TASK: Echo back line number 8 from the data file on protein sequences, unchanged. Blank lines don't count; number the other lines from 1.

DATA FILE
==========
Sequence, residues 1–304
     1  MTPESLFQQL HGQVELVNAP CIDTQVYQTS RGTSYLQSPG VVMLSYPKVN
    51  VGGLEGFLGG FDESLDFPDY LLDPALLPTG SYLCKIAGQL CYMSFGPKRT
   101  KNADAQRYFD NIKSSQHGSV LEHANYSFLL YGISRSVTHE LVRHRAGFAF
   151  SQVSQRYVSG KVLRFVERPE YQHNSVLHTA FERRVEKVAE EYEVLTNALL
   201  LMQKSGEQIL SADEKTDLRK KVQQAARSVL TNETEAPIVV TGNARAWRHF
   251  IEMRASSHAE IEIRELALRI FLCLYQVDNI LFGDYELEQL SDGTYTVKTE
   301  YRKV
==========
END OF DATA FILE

   301  YRKV